Mint ST : 2019-02-11

VIEWS : 19 : 15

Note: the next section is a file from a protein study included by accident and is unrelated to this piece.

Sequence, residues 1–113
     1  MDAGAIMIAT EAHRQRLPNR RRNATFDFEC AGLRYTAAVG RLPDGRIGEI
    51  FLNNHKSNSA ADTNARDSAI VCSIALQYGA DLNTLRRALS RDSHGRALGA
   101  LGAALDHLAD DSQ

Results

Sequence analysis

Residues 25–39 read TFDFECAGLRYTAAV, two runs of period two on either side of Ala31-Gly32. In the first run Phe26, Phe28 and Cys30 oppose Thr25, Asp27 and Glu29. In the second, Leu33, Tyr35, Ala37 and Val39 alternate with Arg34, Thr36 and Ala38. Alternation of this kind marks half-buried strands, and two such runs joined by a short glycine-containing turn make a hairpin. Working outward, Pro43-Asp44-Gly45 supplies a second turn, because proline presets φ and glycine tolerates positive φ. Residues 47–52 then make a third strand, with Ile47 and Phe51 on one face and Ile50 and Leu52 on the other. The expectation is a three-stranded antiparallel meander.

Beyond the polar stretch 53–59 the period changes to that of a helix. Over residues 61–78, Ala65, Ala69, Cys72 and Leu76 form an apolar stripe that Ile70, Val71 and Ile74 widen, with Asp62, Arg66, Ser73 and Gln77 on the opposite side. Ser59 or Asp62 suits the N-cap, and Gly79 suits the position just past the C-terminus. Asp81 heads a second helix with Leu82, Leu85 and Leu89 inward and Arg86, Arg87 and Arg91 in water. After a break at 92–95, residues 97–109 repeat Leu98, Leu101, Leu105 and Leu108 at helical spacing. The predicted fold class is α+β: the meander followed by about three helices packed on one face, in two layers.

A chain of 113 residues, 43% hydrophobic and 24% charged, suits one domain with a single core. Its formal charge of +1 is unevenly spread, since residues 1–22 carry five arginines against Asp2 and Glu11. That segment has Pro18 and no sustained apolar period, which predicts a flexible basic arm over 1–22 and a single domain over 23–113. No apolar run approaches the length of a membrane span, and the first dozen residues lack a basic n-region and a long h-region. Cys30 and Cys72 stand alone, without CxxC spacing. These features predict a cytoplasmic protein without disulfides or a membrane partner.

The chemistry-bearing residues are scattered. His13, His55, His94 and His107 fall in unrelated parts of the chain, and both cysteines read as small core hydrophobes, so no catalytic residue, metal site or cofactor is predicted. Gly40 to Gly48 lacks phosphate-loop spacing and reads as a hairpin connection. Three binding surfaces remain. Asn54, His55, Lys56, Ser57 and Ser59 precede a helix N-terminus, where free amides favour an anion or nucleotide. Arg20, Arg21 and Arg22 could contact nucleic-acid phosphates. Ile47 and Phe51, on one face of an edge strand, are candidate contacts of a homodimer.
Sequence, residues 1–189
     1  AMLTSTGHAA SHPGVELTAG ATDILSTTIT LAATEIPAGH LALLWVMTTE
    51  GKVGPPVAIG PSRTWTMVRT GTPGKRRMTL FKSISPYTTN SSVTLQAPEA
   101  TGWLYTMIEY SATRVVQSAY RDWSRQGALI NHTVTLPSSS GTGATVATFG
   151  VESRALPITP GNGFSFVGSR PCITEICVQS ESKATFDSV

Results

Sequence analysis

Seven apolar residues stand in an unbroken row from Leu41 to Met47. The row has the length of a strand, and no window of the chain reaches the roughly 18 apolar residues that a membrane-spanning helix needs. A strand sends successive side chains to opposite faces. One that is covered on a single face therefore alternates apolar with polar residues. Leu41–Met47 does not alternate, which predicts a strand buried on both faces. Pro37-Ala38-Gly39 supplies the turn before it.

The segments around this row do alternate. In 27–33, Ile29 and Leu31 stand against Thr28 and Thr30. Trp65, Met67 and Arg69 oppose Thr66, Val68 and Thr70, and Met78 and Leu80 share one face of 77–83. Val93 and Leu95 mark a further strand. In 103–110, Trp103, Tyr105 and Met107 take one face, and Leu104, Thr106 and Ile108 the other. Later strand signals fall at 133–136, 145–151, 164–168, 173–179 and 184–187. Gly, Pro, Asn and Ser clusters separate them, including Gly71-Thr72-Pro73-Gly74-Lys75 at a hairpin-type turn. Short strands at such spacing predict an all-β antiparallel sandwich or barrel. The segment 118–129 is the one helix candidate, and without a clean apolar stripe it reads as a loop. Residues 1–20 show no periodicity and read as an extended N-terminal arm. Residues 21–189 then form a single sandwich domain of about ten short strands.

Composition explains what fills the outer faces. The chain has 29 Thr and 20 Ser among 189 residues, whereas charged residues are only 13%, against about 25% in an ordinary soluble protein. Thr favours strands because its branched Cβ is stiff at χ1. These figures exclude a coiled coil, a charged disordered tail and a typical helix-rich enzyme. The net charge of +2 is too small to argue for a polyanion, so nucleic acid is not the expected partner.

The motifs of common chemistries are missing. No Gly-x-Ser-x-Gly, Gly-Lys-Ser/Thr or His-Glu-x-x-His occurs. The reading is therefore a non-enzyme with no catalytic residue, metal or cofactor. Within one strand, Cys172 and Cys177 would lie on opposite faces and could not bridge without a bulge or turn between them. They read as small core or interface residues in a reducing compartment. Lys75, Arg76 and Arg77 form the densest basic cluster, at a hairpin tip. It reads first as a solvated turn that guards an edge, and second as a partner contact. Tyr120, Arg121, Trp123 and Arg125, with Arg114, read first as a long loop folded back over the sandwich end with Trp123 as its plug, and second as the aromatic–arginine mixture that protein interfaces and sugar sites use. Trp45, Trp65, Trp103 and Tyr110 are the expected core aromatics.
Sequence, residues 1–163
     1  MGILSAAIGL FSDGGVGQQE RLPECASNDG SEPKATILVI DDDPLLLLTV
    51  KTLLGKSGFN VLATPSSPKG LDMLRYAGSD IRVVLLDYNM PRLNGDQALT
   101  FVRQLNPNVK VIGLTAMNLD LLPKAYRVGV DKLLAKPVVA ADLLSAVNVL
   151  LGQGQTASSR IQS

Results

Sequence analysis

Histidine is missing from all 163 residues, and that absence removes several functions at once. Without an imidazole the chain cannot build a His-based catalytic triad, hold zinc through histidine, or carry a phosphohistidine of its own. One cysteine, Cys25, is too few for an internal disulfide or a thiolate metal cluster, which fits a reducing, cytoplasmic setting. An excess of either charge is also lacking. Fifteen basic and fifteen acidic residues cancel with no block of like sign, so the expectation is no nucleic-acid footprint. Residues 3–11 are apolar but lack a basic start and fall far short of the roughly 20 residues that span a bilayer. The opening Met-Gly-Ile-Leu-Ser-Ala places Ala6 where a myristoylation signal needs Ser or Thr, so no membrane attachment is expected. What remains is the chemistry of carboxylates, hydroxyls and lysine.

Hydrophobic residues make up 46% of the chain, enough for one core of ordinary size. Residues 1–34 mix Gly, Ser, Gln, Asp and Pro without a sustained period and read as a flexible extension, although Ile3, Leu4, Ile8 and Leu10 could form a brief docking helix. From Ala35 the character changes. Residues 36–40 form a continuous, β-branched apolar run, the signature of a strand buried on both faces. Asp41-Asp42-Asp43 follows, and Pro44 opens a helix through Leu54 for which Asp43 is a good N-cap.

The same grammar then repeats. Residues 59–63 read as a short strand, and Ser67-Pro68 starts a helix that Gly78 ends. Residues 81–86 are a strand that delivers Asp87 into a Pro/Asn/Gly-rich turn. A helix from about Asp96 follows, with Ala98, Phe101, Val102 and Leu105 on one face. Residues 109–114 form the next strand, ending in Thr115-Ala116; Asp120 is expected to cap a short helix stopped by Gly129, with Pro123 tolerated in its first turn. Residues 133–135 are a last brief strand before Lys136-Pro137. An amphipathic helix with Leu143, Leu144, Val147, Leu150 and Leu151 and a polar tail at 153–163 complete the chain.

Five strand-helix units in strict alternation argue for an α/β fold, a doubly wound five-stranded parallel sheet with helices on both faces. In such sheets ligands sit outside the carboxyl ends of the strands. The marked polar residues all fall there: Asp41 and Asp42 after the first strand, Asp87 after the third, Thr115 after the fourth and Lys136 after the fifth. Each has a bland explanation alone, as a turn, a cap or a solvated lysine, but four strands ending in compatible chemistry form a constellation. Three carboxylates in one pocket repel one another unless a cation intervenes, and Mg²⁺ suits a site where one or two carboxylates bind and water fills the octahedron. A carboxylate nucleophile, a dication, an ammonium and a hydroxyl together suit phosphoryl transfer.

15 VIEWS MONDAY, 11 FEBRUARY 2019 NEW DELHI GUEST VIEW OTHER VOICES Britain has not factored in the true cost of a Brexit brain drain Time for China to leave the World Bank’s nest T he World Bank is a multilateral poverty-reduction institution, so it’s no surprise that World Bank loans played a significant role in China’s emergence from what was, before 1979, epic poverty. In 1981, the World Bank extended the first of what would be $61.1 billion in loans to the market-minded communist government under Deng Xiaoping. What is surprising is that the World Bank still lends to China at below-market interest rates. The world’s second-largest economy, proud owner of more than $3 trillion in foreign currency reserves and founder of its own global infrastructure bank, China is no longer poor: Its per capita income first exceeded the minimum for “graduation” from World Bank support in 2016. Yet the bank has committed $7.8 billion to China since then... This is not a sustainable or even logical situation. David Malpass, the senior Treasury Department official whom President Trump nominated as the World Bank’s next president, is among those questioning China’s continued access to subsidized multilateral funding and has worked to curb it while in government. Last year, Mr Malpass helped negotiate a $13 billion capital increase for the World Bank, conditioned on raising borrowing costs for China ...To the extent he promotes a realistic, mature relationship between the institution and China, however, Mr Malpass’s tenure wouldn’t necessarily be the end of the world, much less the World Bank. Exodus of London’s top professionals could immediately and abruptly erode UK’S international status and influence The Washington Post Nantes’ true colour manifests with Sala’s death EDOARDO CAMPANELLA is a Future of the World fellow at the Center for the Governance of Change at IE University in Madrid E ighteen days after Emiliano Sala’s disappearance over the English Channel, the human tragedy is approaching a point of resolution... One senses, though, that the soccer morality tale lurking behind this terrible incident is only just beginning. Already there is plenty to suggest that Sala’s transfer from Nantes to Cardiff was not all that it seemed. For every person insisting that the Argentine was joyfully anticipating his next chapter in south Wales, there is another expressing doubt as to whether he ever wanted to leave Brittany in the first place.despite the initial impressions that his £15 million ($27 million) move was a deftly handled piece of business on both sides, it has since emerged that four separate middlemen were competing over a share of the spoils. So much then, for the French club’s recent exhibitions of collective sorrow, for their ninth-minute rounds of applause to honour their missing No. 9. The number that Nantes truly care about, it transpires, ends in several noughts. It is a warning against giving soccer too much credit for exercises in vicarious grieving... Arsenal were widely lauded for deciding to add Sala’s name to the Cardiff team-sheet. It was, to be sure, a poignant touch, but an easy one to exaggerate. S hould the UK go through with its withdrawal from the European Union (EU), one of the most severe unintended consequences will probably be the exodus of a significant share of top professionals from London. In fact, Paris, Frankfurt, Dublin, Amsterdam and other cities on the Old Continent are already competing to attract Uk-based bankers, doctors, architects and academics. Such “brain drains” are common in history. But never before has an established democracy experienced a catastrophic loss of human capital during a period of peace and prosperity. Usually, it takes a sudden regime change, violent conflict, or dire economic conditions to send a country’s professional elite fleeing en masse. For example, many intellectuals have left Turkey in recent years as a result of President Recep Tayyip Erdoğan’s increasingly authoritarian government. In Greece during the sovereign debt crisis, high-skill workers were driven out by the lack of economic opportunity. And in Nazi Germany, Jews and other gifted but oppressed minorities were forced to seek refuge abroad. No two mass emigrations are ever the same; but, to understand what is in store for London, the Brexiteers could still learn something from history. With all due caveats, Brexit might well end up resembling Louis XIV’S decision that drove the Huguenots out of France, thereby condemning Paris to economic backwardness and political isolation for decades. Under the 1598 Edict of Nantes, the Huguenots had been granted freedom of worship and civil rights as a Protestant minority in Catholic France. Owing to their strict Calvinist ethics, they were indefatigable and diligent workers, and they tended to occupy the most skill-intensive professions of the time (including silk-weaving, gold- and gunsmithing, printing, and watchmaking). But in 1685, Louis revoked the Edict of Nantes, and the Huguenots gradually left France to join other Protestant communities across northern Europe. As with Brexit today, European states rushed to attract the qualified workers that France had scared away. Within a week of the Revocation, the Elector of Brandenburg issued a decree formally inviting the Huguenots into his territory, while the Netherlands tempted them with the promise of immediate citizenship and tax breaks for three years. Eventually, around 150,000 Huguenots settled in the Netherlands, Sweden, Prussia and Ireland, and another 50,000 found their way to the UK. As is often the case in elite brain drains, their small numbers belied the enormous socioeconomic impact they would have. While the French economy struggled for decades, The Sydney Morning Herald, Australia Trump’s mixed messages on the Middle East A lthough US President Donald Trump did not spend a lot of time on the Middle East issues in his largely self-congratulatory State of the Union address before Congress on 6 February, what he did say on these matters was a mix of positions reflecting isolationist strands of his “America first” approach on the one hand, and some neo-conservative positions on the other. A large part of Trump’s strategy is to keep his political base happy in the hope that it will continue to stick with him through the 2020 elections... His political base from 2016 included: white workingclass Americans from rural areas and the industrial heartland who came to see the Iraq war of 2003 as a mistake and questioned why the US was spending so much blood Middle East... and Republican party foreign policy hawks who were adamantly opposed to former President Barack Obama for signing the Iran nuclear deal, pulling US troops out of Iraq and supposedly being weak against the Islamic State of Iraq and the Levant... Many observers in the US and the Middle East have interpreted the new Iraq strategy as a way for Trump and his foreign policy team (namely, National Security Adviser John Bolton and Secretary of State Mike Pompeo) to either try to foment regime change in, or take military action against Iran. To make such a policy credible and to deter other US adversaries, Trump wants the US military to be unrivalled in the world. This kind of...strategy minimising US involvement overseas sits very well with his political base with the exception of the foreign policy hawks. Britain capitalized on the Huguenots’ talents to become the world’s first industrial powerhouse. One member of the Huguenot exodus from France, Denis Papin, invented the precursor to the steam engine. And many others helped fine-tune the techniques that would turn British weaving, printing and architecture into cutting-edge, world-leading industries. Today, the world is once again on the cusp of an industrial revolution, and top professionals are on the march. It is widely understood that the countries with the highest-skilled workers and the most brainpower will have a significant advantage in the 21st century technology race. In the case of Brexit, northern European countries are once again hoping to capitalize on a sudden flight of human capital in their neighbourhood. France, ironically enough, could finally make up for the unnecessary loss of talent that it suffered three centuries ago. The similarities between Brexit and the Revocation of the Edict of Nantes do not stop there. Both episodes epitomize their eras’ defining political conflicts. Whereas the political fault line in Europe three centuries ago was between Protestants and Catholics, today it is between those for and against the European project. The emigration of the Huguenots and the impending exodus from London should be understood as side effects of political miscalculations made in the course of larger ideological battles. For Louis, the persecution of the Huguenots was in keeping with his vision of a Catholic Europe—a vision that had been reinforced by the ascension of his ardently Catholic cousin, James II, to the English throne. Thus, rather than ordering the exile the Huguenots, Louis actually introduced strict emigration bans to prevent their departure, with the goal of forcing their conversion to Catholicism. But rather than convert, the Huguenots fled. And, once abroad, they fomented the ire of European Protestants against France. After James II fell to the Glorious Revolution of 1688, the Dutch stadtholder William III, the Prince of Orange, acceded to the English throne, where he forged a coalition with Hapsburg Austria and various German Protestant states to engulf the French in a series of religious wars. Back in June 2016, the Brexit referendum seemed to provide Britain with an opportunity to abandon a crisis-prone EU for a more dynamic Anglosphere. The Brexiteers had promised to put an end to low-skilled immigration from Eastern Europe, and that was what mattered most. If top professionals left London, they would be viewed as acceptable casualties. From the start, Brexit has always been about intolerance of the “other”. But, unlike the Huguenots, those now preparing to leave London are well-off members of the global elite. As such, their departure alone could immediately and abruptly erode the UK’S international status and influence. French Protestants had to participate in a century of bloody religious wars to strike an equally powerful blow against their motherland. It is never wise to stretch historical comparisons too far. But Britons would nonetheless do well to heed the words of the Duc de Saint-simon: “The Revocation of the edict of Nantes, without the least pretext or any necessity, depopulated a quarter of the kingdom, ruined its commerce, and weakened it in all its parts.” Brexit will drive out fewer people, but the impact could be worse. Al Jazeera, Qatar The Rohingya crisis persists I t’s been nearly two years since more than seven lakh Rohingya people have entered Bangladesh having fled violent crackdown in Myanmar. There’s no viable solution in sight. As Myanmar continues to procrastinate when it comes to the repatriation, signs on the ground suggest a dismal prospect: the Rohingya crisis is deepening.hundreds of thousands of refugees are currently sheltered in several vast camps, spanning several Upazillas in Cox’s Bazar. Their lack of access to education, income-generating activities & recreation is affecting them psychologically. On the other hand, having so many refugees in a relatively small area has created societal tensions and hurt the local environment.while Bangladesh is faced with a complicated conundrum, Myanmar isn’t pressurised enough to repatriate its nationals. It has employed tactics to evade its responsibility to take back the Rohingyas. As we have stressed, the international community must come down heavily on Myanmar for its ethnic cleansing operations against the Rohingya and its refusal to take its nationals back with their full rights guaranteed.the world’s reluctance to take stringent measures against those responsible for the genocidal crackdown allows Myanmar’s military to act with impunity. Its new crackdown targeting other ethnic groups has already prompted new exodus of Buddhist community to Bangladesh. The Daily Star, Bangladesh ©2019/PROJECT SYNDICATE MY VIEW | IN THE MARGINS VIVEK DEHEJIA J ohn Maynard Keynes, drawing on an observation of Vladimir Lenin, wrote in 1919: “There is no subtler, no surer means of overturning the existing basis of society than to debauch the currency. The process engages all the hidden forces of economic law on the side of destruction and it does it in a manner which not one man in a million is able to diagnose.” No one would say that India today is in the situation that Europe was in after the Treaty of Versailles, but the Lenin-keynes insight has borne itself out repeatedly in economies undergoing hyperinflation. Likewise, no one would say that India will, in the near future (if ever), enter such terrain. But, it would be foolish to deny to that, as predicted in this column, after the ouster of governor Urjit Patel, the Reserve Bank of India (RBI), under its new chief Shaktikanta Das, is likely to hew closer to the wishes of the ministry of finance and of India Inc, which is to deliver looser monetary policy. The rate cut delivered on 7 February—by Some Modi fans found my comparison strange, yet it is not as outlandish as it may appear is senior resident fellow, IDFC Institute, Mumbai